Proposal: Add conspicuously missing Functor instances for tuples
David Feuer
david.feuer at gmail.com
Tue Jan 19 21:20:05 UTC 2016
The problem, I think, is that
1. Many of us thing the instance for pairs is useful. Some of us think
the instance for triples is occasionally useful. Most of us doubt the
instances for large tuples are often useful (but I'm not quite
convinced).
2. Most of us value consistency very highly. Even if we think the
instance for pairs is great and the instance for septuples is silly,
we want to have the same answer for all tuple sizes.
Thus we have the usual "The axiom of choice is obviously true, the
well-ordering principle is obviously false, and who can say about
Zorn's lemma."
Why I'm not quite convinced about large tuples being entirely silly:
people do weird things with Template Haskell. When they do so, they
want to be able to use functions as uniformly as possible. A function
(fmap) that always hits the last component of a tuple, even if it has
15 components, may be just what they need.
On Tue, Jan 19, 2016 at 4:04 PM, <amindfv at gmail.com> wrote:
> If the only uses we can imagine for these instances are
> - Cases where it's not a great design decision
> - Cases where it's used accidentally and results in a silent runtime
> failure instead of a compile-time error
>
> then I'm a strong -1
>
> Tom
>
> El 19 ene 2016, a las 15:54, Alois Cochard <alois.cochard at gmail.com>
> escribió:
>
> I don't have any use case like that. I'm in favor of this proposal for
> consistency sake.
>
> That last part of my comment about usefulness/discouraging usage was about
> using Functor instance on tuple in general, no matter the arity.
>
> On 19 January 2016 at 21:32, <amindfv at gmail.com> wrote:
>>
>> El 19 ene 2016, a las 10:24, Alois Cochard <alois.cochard at gmail.com>
>> escribió:
>>
>> +1
>>
>> Agree for consistency, I can also see those instances as being useful in
>> some specific context, even if I agree with Andreas that in general they
>> should be discouraged (especially for newcomers).
>>
>>
>> Can you give us an example where using e.g. the Functor instance for a
>> 5-tuple would be the correct/best design decision?
>>
>> Tom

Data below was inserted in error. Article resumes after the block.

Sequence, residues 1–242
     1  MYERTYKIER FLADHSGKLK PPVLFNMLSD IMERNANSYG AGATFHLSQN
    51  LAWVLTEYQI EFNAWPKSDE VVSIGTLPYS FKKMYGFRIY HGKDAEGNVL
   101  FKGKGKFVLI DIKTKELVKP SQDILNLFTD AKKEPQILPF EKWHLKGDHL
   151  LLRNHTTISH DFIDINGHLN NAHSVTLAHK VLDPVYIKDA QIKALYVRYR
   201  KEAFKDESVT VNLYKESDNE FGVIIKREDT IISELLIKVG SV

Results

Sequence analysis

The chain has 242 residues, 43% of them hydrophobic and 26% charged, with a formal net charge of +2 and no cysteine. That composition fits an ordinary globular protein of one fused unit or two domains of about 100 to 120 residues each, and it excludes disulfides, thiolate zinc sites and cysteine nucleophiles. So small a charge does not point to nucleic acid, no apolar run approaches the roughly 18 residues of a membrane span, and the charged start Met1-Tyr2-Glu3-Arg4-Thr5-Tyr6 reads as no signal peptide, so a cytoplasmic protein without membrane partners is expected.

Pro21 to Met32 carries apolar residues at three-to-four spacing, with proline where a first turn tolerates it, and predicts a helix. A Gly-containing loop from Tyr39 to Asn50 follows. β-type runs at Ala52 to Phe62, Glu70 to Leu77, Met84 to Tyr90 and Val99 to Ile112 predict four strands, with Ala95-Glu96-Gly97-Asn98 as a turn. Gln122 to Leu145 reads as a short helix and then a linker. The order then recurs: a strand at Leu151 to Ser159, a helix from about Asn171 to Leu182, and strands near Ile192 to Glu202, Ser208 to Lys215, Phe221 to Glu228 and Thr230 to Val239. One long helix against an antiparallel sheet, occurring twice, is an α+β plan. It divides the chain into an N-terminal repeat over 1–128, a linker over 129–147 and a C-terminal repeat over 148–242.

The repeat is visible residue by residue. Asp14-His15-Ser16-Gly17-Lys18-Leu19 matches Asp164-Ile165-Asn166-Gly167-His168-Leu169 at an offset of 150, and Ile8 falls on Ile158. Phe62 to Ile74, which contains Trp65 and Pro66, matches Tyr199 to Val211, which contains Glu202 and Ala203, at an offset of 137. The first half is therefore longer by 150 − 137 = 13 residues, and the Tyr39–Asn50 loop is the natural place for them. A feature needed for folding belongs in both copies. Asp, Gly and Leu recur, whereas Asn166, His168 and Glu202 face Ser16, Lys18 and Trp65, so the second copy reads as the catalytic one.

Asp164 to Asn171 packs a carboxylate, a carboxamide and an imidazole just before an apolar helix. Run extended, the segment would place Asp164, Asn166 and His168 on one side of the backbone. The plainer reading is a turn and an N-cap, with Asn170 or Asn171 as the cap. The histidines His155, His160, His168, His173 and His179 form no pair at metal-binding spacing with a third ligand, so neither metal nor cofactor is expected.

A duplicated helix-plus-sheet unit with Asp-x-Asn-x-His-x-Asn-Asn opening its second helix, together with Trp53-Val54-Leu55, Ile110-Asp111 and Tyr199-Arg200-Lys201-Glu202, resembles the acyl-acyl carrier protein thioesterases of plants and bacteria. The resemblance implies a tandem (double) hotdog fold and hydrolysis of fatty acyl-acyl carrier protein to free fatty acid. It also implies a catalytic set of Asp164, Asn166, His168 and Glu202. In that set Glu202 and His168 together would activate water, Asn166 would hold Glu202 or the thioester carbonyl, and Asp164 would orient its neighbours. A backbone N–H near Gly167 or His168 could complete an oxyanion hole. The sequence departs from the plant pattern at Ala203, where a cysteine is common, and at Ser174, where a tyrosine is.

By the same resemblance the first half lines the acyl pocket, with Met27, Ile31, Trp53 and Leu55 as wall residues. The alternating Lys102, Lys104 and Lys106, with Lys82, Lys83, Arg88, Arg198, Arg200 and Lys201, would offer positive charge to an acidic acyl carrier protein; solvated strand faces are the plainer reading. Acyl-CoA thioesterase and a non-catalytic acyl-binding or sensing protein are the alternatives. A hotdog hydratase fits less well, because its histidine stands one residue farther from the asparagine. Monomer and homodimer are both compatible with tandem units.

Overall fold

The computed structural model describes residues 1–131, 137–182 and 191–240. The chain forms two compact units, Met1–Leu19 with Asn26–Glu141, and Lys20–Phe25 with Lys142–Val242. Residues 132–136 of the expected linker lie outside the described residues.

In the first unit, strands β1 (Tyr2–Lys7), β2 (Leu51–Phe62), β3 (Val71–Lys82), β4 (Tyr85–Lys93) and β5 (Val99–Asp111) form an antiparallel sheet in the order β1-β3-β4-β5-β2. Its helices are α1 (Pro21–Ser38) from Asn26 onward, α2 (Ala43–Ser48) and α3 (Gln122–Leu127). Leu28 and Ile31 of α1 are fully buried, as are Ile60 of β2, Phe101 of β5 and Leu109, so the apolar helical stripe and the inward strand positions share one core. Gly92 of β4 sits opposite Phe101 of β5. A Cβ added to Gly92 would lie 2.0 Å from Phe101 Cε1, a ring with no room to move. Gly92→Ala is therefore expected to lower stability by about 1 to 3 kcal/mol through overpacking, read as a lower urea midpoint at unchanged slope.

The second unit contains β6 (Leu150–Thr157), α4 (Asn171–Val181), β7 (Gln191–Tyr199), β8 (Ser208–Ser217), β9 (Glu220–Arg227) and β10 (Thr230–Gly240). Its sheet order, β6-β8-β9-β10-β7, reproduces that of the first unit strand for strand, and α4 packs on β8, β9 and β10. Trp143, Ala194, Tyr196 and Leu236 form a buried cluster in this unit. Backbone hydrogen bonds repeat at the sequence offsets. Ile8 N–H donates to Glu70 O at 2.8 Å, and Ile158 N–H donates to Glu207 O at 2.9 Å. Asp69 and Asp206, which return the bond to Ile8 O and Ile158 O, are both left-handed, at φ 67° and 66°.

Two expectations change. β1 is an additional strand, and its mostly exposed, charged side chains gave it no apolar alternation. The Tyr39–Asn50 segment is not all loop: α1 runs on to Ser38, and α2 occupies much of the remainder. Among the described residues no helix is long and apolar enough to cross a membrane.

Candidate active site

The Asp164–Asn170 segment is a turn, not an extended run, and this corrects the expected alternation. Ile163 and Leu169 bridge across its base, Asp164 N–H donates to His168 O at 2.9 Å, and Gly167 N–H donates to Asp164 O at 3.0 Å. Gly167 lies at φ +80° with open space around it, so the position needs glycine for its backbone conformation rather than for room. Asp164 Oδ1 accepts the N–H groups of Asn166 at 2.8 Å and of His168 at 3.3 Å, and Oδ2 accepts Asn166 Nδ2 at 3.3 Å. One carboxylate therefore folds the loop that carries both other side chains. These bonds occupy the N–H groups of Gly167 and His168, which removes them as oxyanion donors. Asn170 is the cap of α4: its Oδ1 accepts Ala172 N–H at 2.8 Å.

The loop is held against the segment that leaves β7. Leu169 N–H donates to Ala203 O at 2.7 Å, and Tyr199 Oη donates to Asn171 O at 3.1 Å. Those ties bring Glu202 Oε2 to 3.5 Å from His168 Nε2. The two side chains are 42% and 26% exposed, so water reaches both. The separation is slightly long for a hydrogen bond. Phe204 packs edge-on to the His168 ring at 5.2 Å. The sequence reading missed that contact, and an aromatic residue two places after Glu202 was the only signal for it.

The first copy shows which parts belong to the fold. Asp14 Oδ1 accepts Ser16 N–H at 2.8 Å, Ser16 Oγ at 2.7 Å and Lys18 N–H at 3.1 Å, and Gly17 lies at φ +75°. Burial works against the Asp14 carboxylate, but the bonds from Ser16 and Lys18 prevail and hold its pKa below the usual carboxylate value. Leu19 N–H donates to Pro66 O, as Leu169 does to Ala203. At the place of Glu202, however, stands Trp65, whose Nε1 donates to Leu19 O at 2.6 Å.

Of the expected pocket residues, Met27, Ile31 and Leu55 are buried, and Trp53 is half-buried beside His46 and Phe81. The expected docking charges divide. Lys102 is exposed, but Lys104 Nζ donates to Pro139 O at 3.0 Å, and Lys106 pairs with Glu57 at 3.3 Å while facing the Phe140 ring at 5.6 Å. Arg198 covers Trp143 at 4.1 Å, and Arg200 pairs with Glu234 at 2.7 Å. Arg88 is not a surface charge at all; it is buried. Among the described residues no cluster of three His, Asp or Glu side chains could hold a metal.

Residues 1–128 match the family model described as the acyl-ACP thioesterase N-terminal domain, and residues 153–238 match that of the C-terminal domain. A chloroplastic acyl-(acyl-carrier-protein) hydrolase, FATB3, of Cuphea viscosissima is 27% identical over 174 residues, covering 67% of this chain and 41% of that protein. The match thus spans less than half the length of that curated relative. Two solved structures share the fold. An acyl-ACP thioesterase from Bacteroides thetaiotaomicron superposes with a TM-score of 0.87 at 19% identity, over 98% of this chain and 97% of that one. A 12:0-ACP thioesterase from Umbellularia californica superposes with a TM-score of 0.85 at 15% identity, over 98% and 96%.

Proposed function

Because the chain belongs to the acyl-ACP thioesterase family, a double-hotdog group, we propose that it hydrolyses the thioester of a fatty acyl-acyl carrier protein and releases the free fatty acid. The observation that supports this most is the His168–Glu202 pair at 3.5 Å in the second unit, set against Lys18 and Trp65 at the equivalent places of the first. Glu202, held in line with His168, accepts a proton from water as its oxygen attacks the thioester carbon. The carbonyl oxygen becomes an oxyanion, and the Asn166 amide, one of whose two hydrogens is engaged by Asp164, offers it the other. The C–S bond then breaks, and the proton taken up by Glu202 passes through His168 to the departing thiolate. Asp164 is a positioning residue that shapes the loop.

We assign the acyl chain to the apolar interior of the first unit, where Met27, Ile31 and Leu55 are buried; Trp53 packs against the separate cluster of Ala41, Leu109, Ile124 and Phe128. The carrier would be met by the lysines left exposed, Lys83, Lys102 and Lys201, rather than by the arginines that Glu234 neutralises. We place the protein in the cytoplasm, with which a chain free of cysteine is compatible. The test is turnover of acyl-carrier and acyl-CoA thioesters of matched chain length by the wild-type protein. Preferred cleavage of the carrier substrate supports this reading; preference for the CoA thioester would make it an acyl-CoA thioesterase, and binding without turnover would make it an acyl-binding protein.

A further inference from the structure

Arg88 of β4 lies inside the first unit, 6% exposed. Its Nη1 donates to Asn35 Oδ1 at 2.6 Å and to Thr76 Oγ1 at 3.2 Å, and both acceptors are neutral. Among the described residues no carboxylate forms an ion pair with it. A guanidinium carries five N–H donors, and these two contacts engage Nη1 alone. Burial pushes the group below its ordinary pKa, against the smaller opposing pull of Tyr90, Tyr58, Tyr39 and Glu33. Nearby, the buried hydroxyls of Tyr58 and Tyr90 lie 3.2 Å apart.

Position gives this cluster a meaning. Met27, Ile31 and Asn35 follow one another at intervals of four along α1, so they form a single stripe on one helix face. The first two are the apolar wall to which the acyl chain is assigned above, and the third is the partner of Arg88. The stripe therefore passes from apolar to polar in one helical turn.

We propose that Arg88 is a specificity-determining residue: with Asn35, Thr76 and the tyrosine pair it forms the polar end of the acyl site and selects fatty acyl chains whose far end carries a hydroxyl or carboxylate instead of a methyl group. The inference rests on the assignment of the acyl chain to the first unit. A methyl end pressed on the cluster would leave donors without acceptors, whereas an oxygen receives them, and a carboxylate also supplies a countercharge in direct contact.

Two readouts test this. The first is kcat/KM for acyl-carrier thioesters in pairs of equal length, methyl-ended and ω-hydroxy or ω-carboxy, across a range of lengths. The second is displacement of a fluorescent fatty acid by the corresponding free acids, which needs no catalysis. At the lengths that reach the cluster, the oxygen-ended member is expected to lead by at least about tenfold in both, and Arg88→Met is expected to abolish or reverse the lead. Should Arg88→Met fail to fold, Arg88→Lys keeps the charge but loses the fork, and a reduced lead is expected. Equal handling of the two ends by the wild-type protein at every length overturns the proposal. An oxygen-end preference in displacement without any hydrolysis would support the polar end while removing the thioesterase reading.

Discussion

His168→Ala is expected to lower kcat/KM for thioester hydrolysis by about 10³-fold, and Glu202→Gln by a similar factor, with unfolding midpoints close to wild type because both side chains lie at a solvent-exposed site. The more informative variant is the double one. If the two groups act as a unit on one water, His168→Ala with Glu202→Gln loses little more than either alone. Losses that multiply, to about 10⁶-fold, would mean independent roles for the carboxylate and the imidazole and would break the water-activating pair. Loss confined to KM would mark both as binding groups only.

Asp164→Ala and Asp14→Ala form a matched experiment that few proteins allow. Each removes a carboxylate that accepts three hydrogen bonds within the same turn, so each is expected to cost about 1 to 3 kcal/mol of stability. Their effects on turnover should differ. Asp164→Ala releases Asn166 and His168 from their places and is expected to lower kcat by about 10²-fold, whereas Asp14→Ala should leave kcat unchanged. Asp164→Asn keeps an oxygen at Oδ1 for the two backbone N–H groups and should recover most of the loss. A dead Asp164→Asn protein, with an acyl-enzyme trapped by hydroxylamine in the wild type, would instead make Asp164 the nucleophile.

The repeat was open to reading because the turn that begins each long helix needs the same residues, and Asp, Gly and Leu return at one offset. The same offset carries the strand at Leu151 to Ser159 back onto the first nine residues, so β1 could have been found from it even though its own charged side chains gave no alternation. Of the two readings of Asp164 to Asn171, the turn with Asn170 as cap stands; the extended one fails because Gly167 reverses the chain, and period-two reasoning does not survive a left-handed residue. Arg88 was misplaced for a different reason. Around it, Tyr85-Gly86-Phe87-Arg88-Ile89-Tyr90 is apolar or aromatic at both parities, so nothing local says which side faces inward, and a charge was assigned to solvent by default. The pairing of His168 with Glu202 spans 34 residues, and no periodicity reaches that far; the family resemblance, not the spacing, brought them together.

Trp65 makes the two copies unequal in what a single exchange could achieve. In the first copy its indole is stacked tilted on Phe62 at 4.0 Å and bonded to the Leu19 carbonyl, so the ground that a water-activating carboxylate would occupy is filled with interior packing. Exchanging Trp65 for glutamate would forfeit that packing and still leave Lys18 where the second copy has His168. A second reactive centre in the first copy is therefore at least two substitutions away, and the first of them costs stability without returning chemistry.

>>
>>
>>
>> On 19 January 2016 at 09:20, Herbert Valerio Riedel <hvriedel at gmail.com>
>> wrote:
>>>
>>> On 2016-01-18 at 21:10:07 +0100, David Feuer wrote:
>>> > For some reason I really can't imagine, it seems the only tuple type
>>> > with a Functor instance is (,) a. I was astonished to find that
>>> >
>>> > fmap (+1) (1,2,3)
>>> >
>>> > doesn't work. Since this is *useful*, and there is *only one way to do
>>> > it*, I propose we add the following:
>>> >
>>> > instance Functor ((,,) a b) where
>>> > fmap f (a,b,c) = (a,b,f c)
>>> > instance Functor ((,,,) a b c) where
>>> > fmap f (a,b,c,d) = (a,b,c,f d)
>>> > etc.
>>>
>>> As stated elsewhere in this thread already, there is the issue about
>>> consistency. Here's a relevant section from the Haskell 2010 report[1]:
>>>
>>> > 6.1.4 Tuples
>>> >
>>> > ...
>>> >
>>> > However, every Haskell implementation must support tuples up to size
>>> > 15, together with the instances for Eq, Ord, Bounded, Read, and Show.
>>>
>>> IMO, we either have no `Functor` instances for tuples at all, or we have
>>> them for all tuples up to size 15. The current situations of having them
>>> defined only for 2-tuples is inconsistent.
>>>
>>>
>>> Cheers,
>>> hvr
>>>
>>> [1]:
>>> https://www.haskell.org/onlinereport/haskell2010/haskellch6.html#x13-1210006.1.4
>>> _______________________________________________
>>> Libraries mailing list
>>> Libraries at haskell.org
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>>
>>
>>
>>
>> --
>> Λ\ois
>> http://twitter.com/aloiscochard
>> http://github.com/aloiscochard
>>
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>
>
>
>
> --
> Λ\ois
> http://twitter.com/aloiscochard
> http://github.com/aloiscochard
>
>
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